On April 25, 2012, student loan debt in the United States will have already reached $1 trillion ($1,000,000,000,000), in excess of credit card and auto loans, say organizers with Occupy Student Debt Campaign, a group calling for a day of action to “celebrate” this momentous occasion. An article from Salon explains this further:
When there are Americans whose Social Security checks are being garnished to pay off their outstanding student loan debt, then it is clear that the United States has a problem. And the rising number of seniors who haven’t paid off loans taken out decades earlier is only one of several reasons to be alarmed by a report on student loan debt released by the Federal Reserve Bank of New York in March.
Total debt, as of the end of the third quarter of 2011, had reached $870 billion, a number, the Fed was quick to point out, that eclipses what Americans owed on their credit cards and on their auto loans. According to a more recent report from the Consumer Financial Protection Bureau (CFPB), the amount currently owed on both federal and private student loans has already broken the trillion-dollar barrier.
That’s not just bad for the people struggling to pay off their debt — people who, according to CFPB student loan ombudsman Rohit Chopra, are being punished for “doing exactly what they were told would be the key to a better life.” The burgeoning debt numbers also pose a growing threat to the larger economy: money spent paying back student loans is money that isn’t stimulating overall economic growth. Who will dare risk becoming a first-time home-buyer, for example, or buy a new car, when still struggling to pay back thousands of dollars on their education?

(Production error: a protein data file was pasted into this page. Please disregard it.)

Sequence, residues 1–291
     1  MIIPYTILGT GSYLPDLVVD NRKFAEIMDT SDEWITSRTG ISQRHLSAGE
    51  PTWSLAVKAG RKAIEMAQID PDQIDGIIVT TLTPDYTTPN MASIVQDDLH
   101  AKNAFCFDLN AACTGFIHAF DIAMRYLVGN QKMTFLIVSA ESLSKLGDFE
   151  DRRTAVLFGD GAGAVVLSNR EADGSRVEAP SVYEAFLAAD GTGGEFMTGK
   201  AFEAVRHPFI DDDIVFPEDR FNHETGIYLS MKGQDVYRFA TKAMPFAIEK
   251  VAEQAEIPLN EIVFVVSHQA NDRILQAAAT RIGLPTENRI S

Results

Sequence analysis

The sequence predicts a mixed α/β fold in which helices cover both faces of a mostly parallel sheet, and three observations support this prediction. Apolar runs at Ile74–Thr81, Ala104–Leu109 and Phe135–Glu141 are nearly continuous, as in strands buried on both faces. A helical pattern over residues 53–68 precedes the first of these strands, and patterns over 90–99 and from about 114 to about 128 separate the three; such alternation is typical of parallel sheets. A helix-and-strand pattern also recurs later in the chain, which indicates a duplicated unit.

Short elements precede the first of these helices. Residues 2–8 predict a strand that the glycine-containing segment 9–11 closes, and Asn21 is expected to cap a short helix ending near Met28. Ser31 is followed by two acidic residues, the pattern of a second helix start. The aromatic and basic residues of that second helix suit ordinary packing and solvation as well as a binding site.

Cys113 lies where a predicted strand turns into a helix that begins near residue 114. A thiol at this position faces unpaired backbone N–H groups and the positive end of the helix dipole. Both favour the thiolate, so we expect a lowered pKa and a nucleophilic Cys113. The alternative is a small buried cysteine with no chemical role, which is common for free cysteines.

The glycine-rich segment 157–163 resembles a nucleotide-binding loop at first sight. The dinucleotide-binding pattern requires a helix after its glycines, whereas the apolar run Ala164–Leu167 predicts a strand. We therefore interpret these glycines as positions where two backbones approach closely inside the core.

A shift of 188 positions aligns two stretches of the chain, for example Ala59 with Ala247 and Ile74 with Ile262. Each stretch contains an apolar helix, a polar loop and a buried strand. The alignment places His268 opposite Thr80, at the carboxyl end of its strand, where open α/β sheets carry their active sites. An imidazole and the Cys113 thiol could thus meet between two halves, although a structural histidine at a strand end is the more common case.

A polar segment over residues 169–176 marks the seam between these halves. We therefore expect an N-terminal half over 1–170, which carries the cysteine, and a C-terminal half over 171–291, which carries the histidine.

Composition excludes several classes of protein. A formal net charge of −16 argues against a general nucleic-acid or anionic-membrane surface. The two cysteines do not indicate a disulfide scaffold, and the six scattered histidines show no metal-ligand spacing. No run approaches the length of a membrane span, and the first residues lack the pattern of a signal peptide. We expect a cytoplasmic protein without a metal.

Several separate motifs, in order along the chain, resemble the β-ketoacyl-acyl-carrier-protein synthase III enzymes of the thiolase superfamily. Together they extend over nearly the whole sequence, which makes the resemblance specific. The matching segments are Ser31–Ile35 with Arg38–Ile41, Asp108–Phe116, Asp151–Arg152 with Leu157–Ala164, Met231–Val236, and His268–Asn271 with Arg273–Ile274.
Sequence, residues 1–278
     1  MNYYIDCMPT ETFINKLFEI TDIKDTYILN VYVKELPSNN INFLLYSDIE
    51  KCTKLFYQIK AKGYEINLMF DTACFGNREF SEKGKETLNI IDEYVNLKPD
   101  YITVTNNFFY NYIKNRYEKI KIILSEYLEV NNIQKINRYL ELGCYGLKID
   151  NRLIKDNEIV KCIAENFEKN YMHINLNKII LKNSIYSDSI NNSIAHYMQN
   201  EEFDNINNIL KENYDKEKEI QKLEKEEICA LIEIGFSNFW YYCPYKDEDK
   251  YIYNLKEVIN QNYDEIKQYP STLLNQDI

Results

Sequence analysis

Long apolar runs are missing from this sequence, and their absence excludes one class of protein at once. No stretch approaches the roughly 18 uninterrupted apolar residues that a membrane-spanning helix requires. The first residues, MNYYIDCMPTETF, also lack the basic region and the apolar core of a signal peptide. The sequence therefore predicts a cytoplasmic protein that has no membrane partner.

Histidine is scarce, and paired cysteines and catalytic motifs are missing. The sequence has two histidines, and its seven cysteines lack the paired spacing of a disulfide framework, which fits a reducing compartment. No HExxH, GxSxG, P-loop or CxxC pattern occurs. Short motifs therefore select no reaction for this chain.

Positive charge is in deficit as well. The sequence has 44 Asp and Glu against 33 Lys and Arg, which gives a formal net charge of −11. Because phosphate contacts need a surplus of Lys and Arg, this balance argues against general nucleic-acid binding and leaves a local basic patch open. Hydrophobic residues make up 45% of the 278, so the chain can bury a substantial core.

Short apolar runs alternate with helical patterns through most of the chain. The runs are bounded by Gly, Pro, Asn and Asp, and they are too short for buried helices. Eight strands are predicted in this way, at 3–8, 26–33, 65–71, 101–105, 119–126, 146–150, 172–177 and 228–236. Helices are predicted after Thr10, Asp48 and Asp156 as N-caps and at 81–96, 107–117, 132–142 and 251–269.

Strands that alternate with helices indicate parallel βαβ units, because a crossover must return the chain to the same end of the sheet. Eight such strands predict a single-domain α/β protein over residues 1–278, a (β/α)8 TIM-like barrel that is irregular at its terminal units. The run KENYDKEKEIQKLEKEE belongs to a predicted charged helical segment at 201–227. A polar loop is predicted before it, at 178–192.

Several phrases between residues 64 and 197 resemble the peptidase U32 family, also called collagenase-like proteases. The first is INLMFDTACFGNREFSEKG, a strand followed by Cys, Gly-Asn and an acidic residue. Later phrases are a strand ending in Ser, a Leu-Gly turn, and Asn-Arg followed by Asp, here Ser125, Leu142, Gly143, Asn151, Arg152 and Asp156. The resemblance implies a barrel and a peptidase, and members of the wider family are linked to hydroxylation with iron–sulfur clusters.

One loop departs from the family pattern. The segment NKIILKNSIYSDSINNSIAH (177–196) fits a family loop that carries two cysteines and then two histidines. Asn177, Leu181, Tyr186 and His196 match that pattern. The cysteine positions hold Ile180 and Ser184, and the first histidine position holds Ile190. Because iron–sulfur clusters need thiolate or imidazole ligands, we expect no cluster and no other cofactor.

The ramifications of this are, as we can see, huge to say the least. Political response to this has, unsurprisingly, been half-hearted and incompetent at best. A slightly condescending article from the Washington Post shows us the reaction from Republican hopefuls, starting with Rick Santorum, recipient of a Juris Doctor from the Publicly-funded Dickinson School of Law: